Knowledge, Product Differentiation and Trade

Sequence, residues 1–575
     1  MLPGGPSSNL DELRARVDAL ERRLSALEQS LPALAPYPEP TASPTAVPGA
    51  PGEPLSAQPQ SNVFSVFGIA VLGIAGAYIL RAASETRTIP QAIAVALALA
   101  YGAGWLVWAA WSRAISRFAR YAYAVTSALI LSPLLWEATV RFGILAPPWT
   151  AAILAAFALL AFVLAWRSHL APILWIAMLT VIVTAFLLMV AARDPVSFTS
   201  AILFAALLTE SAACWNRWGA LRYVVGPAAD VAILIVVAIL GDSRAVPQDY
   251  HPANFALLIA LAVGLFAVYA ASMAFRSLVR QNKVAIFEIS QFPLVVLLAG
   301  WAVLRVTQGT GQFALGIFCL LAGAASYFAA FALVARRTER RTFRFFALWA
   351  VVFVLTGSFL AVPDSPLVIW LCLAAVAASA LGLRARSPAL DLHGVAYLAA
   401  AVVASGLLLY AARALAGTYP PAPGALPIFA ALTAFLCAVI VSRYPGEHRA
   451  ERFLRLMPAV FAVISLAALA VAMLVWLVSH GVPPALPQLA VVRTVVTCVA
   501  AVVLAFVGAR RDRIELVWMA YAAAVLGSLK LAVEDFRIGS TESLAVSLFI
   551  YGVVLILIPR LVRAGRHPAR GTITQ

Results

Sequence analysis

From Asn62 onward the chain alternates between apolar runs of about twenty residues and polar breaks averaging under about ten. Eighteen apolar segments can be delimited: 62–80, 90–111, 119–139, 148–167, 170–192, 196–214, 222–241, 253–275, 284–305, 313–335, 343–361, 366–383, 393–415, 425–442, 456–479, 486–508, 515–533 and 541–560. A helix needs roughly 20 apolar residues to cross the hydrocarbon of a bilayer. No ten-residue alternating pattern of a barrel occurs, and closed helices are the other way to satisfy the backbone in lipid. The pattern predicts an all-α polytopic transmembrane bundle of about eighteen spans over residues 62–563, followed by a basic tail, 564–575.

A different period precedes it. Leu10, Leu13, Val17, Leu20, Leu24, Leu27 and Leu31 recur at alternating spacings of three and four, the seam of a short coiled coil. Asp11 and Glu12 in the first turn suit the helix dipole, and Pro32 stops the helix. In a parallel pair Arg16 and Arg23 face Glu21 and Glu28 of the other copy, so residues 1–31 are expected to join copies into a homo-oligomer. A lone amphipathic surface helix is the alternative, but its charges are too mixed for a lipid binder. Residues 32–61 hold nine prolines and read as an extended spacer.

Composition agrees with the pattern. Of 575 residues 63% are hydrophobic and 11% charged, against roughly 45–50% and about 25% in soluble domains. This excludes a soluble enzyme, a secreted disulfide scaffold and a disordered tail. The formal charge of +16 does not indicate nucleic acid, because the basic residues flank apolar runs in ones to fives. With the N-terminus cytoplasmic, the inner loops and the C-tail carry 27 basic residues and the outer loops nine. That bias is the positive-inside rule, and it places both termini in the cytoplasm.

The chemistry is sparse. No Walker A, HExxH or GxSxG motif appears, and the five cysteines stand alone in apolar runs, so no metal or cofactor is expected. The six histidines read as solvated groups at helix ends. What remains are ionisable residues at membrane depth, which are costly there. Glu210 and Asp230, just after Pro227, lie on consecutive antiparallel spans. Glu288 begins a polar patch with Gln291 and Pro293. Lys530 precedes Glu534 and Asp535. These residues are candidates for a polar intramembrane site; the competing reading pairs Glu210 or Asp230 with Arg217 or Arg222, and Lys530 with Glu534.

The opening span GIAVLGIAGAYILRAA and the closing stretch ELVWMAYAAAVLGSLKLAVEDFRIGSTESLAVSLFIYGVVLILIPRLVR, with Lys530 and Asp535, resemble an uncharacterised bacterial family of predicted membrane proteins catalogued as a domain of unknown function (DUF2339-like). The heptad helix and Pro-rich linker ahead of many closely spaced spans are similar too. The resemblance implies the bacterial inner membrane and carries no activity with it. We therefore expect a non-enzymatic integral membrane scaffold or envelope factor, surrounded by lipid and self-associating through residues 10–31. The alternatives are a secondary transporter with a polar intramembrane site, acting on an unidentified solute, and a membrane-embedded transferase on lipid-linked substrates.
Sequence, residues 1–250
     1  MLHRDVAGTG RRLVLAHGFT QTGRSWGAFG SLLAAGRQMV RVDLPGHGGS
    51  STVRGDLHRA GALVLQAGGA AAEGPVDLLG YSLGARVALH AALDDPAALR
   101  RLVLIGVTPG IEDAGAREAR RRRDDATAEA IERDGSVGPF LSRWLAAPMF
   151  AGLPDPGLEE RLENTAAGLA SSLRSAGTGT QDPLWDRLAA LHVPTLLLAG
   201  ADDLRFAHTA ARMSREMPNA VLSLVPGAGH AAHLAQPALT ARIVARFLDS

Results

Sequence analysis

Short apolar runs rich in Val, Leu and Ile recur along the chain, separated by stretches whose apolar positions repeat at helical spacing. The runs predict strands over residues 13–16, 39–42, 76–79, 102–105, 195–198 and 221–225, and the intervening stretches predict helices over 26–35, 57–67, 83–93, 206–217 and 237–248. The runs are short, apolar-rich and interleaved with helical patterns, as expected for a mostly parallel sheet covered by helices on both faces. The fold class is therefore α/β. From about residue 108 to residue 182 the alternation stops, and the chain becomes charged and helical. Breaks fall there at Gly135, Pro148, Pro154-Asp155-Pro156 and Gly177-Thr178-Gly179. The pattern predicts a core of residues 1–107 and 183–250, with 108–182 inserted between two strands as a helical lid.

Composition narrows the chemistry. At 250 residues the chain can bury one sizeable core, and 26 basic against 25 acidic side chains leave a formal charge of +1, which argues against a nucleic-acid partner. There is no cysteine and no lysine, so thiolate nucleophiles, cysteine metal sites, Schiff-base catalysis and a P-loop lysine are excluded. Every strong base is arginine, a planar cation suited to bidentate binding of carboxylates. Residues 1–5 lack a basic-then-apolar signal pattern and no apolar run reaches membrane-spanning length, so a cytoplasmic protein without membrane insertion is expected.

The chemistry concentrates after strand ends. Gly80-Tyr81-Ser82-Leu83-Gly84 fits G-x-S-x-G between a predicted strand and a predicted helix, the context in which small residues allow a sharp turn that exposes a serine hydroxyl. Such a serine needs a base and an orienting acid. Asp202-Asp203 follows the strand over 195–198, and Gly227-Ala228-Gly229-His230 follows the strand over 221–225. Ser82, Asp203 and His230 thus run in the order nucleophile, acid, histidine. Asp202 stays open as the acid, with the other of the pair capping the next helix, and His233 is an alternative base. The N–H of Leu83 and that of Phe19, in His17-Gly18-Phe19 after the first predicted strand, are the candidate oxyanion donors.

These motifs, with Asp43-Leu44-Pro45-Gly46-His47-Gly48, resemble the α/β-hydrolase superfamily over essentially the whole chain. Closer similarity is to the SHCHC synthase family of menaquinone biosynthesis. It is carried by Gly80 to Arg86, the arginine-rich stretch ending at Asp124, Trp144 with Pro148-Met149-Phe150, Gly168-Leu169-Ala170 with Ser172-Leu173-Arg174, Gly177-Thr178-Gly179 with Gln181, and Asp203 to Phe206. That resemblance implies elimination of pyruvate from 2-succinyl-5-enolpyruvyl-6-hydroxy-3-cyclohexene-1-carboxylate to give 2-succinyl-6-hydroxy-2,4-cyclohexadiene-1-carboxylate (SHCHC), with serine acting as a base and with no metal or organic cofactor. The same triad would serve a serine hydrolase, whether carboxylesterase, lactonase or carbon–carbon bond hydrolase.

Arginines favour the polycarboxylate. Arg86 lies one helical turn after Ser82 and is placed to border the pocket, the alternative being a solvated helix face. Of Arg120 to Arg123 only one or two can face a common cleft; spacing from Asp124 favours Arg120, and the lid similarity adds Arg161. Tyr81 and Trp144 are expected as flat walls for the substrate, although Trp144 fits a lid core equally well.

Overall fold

Sammanfattning: The purpose of this thesis is to analyze the influence of knowledge on the export performance of firms in different regions. More specifically, this study focuses on the impact of knowledge on the structure of regional export flows, in terms of horizontal and vertical product differentiation, as well as the geographical distribution of export flows. The thesis consists of four separate papers, which contribute to the overall analysis of knowledge, product differentiation and international trade in different ways. The second chapter presents a study of the effects of regional accessibility to R&D on the diversity of export flows with regard to goods, firms and destination markets. Chapter 3 provides an empirical analysis of vertical product differentiation, i.e. differentiation in terms of product quality, and examines the impact of educated labor and R&D on regional comparative advantages in goods of relatively high product quality. Chapter 4 contains a study of how the regional endowment of highly educated workers affects the structure of export flows, i.e. how the endowment of educated workers impacts on the number of product varieties exported, the average price per variety and the average quantity shipped out. The final chapter presents a micro-level analysis of firms’ propensity to participate in international markets and their propensity to expand export activities by introducing new export products or establishing export links with new destination countries.In summary, the empirical results of this thesis convey the message that regional accessibility to knowledge, embodied in highly educated labor and/or developed through R&D activities, plays a fundamental role in shaping the content and structure of regional export flows. More specifically, the present empirical observations suggest that the regional endowment of knowledge stimulates the size of the export base in terms of exporting firms and number of product varieties. The recurring significance of the accessibility variables in explaining spatial export patterns show that the knowledge endowment of a region must be defined in such ways that it captures sources of potential knowledge spillovers from inside as well as outside its own regional boundaries. This outcome shows that regional variations in knowledge endowments originate both in the actual spatial distribution of a nation’s knowledge labor across regions, and in regional differences in the geographical accessibility to internal and external knowledge labor.
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